However, for this to work, you’ll need to configure your website to use caching. You can do this manually in WordPress by editing the .htaccess core file. This file governs how your site interacts with its server and you can use it to configure caching, set up redirection rules, whitelist IP addresses, and much more.
Since editing core files can be a little risky, we recommend using a plugin instead. There are a lot of WordPress caching plugins to choose from, including:
- LiteSpeed Cache: On top of enabling browser caching, LiteSpeed Cache can help minify CSS and JS and defer render-blocking resources (we’ll explain what these are in the next section).
- WP Fastest Cache: You can use WP Fastest Cache to generate static versions of your site’s pages and cache them for faster loading. The plugin also helps you combine CSS and JS files to reduce the number of files users have to load when visiting your website.
- WP Super Cache: This plugin enables you to choose from multiple caching configurations. This saves you from having to spend too much time tinkering with individual settings.
Caching is one of the most critical optimizations you can make for your website. It helps provide a much better user experience for repeat visitors, which may lead to more repeat purchases!
3. Eliminate Render-Blocking Resources
There are several ways to eliminate render-blocking resources in WordPress. If you pay attention to your PageSpeed Insights report, you’ll see that it tells you exactly what files you need to eliminate or defer:
We say “defer” because that’s a valid alternative when dealing with render-blocking resources. If the file is important (such as a script your site uses), you can’t delete it. What you can do is configure it so that it loads after the rest of your site’s components.
You can implement these changes manually by editing your site’s code. However, the easier approach is to use a plugin that defers render-blocking scripts.
Some of the plugins we’ve mentioned so far can help you do this, including 10Web Booster, LiteSpeed Cache, and WP Super Cache. If you’re already using one of them, it should automatically defer non-critical resources on your site.
4. Use the WebP Image Format
WebP is a modern image format that offers superior compression without sacrificing image quality. It combines the best of both JPEG (lossy compression) and PNG (lossless compression) formats, resulting in smaller file sizes that load faster on your website.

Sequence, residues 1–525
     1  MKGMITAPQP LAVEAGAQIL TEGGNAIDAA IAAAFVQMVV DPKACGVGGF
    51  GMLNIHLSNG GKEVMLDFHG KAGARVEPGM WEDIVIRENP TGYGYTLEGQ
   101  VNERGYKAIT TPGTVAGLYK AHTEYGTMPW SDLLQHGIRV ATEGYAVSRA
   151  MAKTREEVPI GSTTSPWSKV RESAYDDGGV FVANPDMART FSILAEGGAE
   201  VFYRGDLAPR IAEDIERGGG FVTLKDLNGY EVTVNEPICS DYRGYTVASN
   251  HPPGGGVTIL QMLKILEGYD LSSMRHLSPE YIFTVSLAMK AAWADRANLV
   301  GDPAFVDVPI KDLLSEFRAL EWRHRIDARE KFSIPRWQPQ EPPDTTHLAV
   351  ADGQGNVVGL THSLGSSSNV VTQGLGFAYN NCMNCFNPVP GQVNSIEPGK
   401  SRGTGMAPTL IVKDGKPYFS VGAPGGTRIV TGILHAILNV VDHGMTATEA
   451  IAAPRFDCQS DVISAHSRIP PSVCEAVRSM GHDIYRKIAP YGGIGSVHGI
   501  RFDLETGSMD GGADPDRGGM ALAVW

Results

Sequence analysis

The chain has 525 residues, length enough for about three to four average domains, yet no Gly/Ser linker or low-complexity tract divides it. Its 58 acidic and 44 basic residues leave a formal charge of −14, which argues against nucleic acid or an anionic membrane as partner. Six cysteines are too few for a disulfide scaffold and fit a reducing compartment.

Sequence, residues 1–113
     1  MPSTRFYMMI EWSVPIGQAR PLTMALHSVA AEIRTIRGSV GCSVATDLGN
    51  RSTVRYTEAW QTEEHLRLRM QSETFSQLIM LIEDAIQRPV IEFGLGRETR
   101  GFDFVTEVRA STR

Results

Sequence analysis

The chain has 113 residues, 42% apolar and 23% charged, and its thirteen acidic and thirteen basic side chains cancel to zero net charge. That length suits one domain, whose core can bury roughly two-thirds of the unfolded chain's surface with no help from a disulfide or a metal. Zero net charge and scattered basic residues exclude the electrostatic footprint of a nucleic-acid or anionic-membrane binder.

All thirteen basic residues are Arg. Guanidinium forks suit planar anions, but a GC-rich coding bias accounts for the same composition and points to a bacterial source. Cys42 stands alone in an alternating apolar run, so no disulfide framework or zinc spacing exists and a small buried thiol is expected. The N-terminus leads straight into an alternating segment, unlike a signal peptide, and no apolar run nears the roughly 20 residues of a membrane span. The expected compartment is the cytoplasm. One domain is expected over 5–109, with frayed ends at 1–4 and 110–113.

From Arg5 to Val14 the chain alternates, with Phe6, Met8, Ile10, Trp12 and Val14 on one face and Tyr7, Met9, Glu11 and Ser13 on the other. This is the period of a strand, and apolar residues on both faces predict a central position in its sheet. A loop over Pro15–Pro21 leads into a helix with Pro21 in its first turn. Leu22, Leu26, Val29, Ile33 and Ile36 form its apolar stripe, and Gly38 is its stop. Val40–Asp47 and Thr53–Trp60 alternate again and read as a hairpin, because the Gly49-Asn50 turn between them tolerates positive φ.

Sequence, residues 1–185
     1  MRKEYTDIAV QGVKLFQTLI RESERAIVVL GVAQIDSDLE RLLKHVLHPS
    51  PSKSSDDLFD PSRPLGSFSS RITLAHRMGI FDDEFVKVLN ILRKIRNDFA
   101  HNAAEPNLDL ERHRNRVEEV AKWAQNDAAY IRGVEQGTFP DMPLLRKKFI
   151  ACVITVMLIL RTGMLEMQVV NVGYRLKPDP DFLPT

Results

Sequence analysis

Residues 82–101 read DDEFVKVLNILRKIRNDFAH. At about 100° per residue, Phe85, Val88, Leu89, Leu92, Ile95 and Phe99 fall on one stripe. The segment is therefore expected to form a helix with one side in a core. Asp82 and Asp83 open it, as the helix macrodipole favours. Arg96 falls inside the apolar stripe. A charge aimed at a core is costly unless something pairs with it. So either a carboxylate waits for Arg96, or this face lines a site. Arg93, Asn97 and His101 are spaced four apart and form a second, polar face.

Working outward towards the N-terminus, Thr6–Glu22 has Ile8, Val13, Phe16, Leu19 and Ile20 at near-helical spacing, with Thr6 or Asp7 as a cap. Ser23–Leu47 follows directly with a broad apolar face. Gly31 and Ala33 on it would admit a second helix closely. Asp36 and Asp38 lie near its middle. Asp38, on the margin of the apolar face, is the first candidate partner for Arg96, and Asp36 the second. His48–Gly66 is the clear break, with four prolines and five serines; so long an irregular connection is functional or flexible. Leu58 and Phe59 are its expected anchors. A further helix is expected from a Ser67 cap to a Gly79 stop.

WebP’s superior compression translates to smaller file sizes and faster loading times. If you have a lot of images on your site, you should be able to see a huge improvement in performance when you switch to WebP.
WordPress supports WebP out of the box (since version 5.8), which means you can upload and embed WebP images exactly as with JPEGs, PNGs, and other image formats.
If you’re not sure how to convert existing images to WebP, we recommend using a plugin such as Converter for Media. This tool will automatically convert images in your library to WebP:
It’s important to note that although the vast majority of web browsers support the WebP format, some users might be unable to see these images. Typically, this is because they’re using an outdated browser. Unfortunately, this is out of your control, so the best thing you can do is recommend they update their browser (for their own good!).
PageSpeed Insights is one of the best tools you can use to improve your site’s performance. You can run a free test to see the PageSpeed score of any page on your site. The service will tell you how long it takes to load and provide several recommendations on what to do to improve performance, user experience, and even accessibility.
Hopefully this guide will help you improve your WordPress site’s PageSpeed score! But do you have any questions about how to improve your Google PageSpeed score that weren’t answered? Or other tips you’d like to share? Let us know in the comments section below!